The Lawrence Board of Education reviewed a proposal to cut and reallocate more than $1.2 million from next year’s budget as a response to the new block grant education funding law. Superintendent Rick Doll said in this USD 497 news release “the new [block grant] system decreases state aid revenue for Lawrence Public Schools…we would lose an estimated $2 million in LOB and capital outlay state aid.”(emphasis added).
“Lose” – that’s a typical, and very misleading, word choice Superintendent Doll used to describe the fiscal impact over the next two years under the new funding law. The fact is USD 497 received a 16% increase, from $3.68 million to $4.27 million, in LOB state aid this year. Capital outlay funding is the same, zero dollars, as it was prior. The $2 million ‘loss’ isn’t an actual reduction, but represents the increase the district anticipated getting – which is a pillar definition of a ‘cut’ when it comes to government spending. According to KSDE figures USD 497 will see an increase from $58.9 million to $61.7 million in state aid (excluding KPERS, special education, and bond and interest payments) with the new funding law. But even that doesn’t tell the whole story.
Two other considerations provide a clearer fiscal picture of USD 497.
Amounts Budgeted vs. Actual Spending
As the adjoining table exhibits, USD 497 has a history of spending millions less than actually budgeted. Perhaps closer scrutiny of the discrepancy between amounts budgeted and actual expenditures would mitigate the need for spending time and energy looking for places in the budget to cut.
Lawrence USD 497, like most other Kansas districts, has a consistent, healthy cash reserve available. Not only is it vigorous, but as the table shows, it has exploded in the past decade. Superintendent Doll recommended using “contingency reserves” to fund any shortfall for this year if tax collections were not as expected. However, he cautioned that “as the district uses reserves, we deplete funds that may be needed for emergencies or to bridge future funding gaps.” Well…doesn’t this fit his definition of a “future funding gap?” It’s pretty hard to work up a sweat over taking a couple million out of contingencies when there’s consistently over $35 million on hand.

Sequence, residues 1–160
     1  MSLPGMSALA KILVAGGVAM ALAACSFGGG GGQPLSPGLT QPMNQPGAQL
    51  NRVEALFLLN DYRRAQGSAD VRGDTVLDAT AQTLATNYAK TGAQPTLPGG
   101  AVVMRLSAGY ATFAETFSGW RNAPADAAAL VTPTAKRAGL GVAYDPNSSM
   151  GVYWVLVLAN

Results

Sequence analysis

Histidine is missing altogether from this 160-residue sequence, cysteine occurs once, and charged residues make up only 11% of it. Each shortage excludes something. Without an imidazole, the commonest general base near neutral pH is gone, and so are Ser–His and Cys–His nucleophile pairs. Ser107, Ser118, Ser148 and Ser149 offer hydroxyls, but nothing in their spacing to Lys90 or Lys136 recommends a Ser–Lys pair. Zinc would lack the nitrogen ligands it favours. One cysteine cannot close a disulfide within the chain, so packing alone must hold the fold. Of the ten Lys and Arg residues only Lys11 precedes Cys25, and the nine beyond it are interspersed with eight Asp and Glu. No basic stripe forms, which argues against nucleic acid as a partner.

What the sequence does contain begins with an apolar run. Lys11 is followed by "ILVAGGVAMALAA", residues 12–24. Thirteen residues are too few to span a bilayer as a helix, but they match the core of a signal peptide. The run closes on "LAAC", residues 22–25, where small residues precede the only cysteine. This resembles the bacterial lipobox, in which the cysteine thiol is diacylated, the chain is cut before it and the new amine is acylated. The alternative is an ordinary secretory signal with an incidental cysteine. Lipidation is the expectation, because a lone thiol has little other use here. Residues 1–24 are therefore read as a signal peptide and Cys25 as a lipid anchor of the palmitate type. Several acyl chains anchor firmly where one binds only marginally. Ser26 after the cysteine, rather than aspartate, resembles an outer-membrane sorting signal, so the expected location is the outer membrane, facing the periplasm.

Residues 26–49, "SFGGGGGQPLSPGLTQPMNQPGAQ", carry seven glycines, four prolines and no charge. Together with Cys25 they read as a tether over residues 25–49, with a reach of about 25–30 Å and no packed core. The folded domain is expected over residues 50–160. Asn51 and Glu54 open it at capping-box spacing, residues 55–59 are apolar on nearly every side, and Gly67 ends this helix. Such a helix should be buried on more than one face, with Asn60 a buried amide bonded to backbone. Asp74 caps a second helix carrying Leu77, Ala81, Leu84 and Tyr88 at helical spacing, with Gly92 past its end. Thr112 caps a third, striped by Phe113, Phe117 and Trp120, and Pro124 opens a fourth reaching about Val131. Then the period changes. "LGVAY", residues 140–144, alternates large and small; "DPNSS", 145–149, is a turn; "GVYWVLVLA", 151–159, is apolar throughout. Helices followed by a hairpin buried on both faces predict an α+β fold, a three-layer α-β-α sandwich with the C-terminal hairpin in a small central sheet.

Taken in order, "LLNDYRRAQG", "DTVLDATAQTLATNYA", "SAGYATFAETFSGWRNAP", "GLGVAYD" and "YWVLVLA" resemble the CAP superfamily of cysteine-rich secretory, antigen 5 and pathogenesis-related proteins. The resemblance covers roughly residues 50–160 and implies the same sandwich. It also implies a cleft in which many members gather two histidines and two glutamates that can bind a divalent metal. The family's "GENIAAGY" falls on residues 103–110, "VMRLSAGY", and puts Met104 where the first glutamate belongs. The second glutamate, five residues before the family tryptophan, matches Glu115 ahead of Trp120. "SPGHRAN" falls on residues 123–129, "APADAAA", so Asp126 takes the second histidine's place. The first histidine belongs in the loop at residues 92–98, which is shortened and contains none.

The newsletter made reference to a possible increase in the mill levy to “prevent $2 million in budget cuts for the 2015-16 school year.” This was made by Doll at the April board meeting and parents were sent a letter to that effect.
I wonder if the letter included the particulars that the district spent $8.3 million less than budgeted last year and began this school year with more than $35 million in the bank.
Trying to comprehend their conduct reminds me of a Looney Tunes cartoon in which the bulldog, Marc Antony, is using an adding machine in an attempt to make sense of the strange behavior of the two mice, Hubie and Bertie, and Claude Cat.
Suppose he was trying to make sense of what USD 497 is proposing.
Marc Antony: Let’s see, the district spends about $8 million less than is budgeted (clicks on adding machine). And they have about $35 million in the bank (clicks on adding machine). They’re getting more money from the state next year (clicks on adding machine). And so they’re cutting out $1.2 million and may ask for $2 million more from the Lawrence taxpayers (clicks on adding machine, pulls up tape and stares in confused disbelief). IT JUST DON’T ADD UP!
I couldn’t have said it better.